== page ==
Much information about soldiers who fell, were awarded medals and more is to be found in old copies of the London Gazette. Here is a brief resume:

The London Gazette, first published in 1665, is the oldest, continuously published newspaper in the United Kingdom and probably the world. The London Gazette and its sister publications, the Edinburgh and Belfast Gazettes, have a unique position in British publishing. They are official newspapers of the Crown. The London Gazette contains a wide range of office notices including State, Parliamentary and Ecclesiastical notices, Transport and Planning notices as well as Corporate and Personal Insolvency notices to name a few. In addition, a number of Supplements are published covering Honours and Awards, Premium Bonds, Armed Forces Promotions and Re-gradings, Companies' information, etc. and a Quarterly Index.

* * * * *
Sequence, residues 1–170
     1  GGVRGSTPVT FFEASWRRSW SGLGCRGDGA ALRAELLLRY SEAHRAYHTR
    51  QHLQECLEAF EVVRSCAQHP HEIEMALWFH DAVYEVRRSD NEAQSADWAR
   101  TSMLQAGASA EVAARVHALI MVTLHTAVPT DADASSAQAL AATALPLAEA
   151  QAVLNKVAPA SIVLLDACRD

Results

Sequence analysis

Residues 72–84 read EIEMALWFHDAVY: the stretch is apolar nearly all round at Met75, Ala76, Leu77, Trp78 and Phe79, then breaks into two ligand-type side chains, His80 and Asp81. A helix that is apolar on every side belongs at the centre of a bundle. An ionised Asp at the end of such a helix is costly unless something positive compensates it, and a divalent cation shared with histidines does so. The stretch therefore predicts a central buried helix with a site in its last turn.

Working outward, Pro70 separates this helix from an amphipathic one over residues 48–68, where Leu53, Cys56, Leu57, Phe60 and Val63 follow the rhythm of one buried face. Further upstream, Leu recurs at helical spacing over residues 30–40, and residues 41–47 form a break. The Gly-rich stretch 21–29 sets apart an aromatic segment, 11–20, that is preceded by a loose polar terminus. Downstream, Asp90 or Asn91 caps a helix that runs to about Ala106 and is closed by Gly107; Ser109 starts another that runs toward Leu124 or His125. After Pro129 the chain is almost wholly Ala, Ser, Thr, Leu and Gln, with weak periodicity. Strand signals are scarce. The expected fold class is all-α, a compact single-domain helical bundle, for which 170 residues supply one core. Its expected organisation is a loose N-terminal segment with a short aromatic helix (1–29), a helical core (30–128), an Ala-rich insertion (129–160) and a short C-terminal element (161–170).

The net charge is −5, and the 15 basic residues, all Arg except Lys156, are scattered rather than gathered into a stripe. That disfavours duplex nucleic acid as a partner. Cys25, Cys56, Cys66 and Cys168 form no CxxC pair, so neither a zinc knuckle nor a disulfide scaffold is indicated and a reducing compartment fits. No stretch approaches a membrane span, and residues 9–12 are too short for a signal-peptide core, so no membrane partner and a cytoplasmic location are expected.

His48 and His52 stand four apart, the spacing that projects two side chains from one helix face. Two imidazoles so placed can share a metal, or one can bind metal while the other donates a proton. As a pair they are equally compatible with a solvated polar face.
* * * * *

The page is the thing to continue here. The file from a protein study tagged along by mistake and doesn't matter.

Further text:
In the 17th century, it was believed that National efficiency depended on the intelligence received by the Crown and that the reckless publishing of news might endanger it. An embargo on the printing of news other than reports of events abroad, natural disasters, Royal declarations and sensational crime continued until 1640. This had the effect of delaying the development of the press in the UK. Censorship was introduced in 1643, followed by licensing of news publications. The Gazette came about because of two momentous events: the Great Plague and the decision of King Charles II to remove his court - effectively the government of the time - to Oxford. The London Gazette started life as the Oxford Gazette and after a few months changed to its current title.


Naval & Military Press

Last updated: 1 August, 2023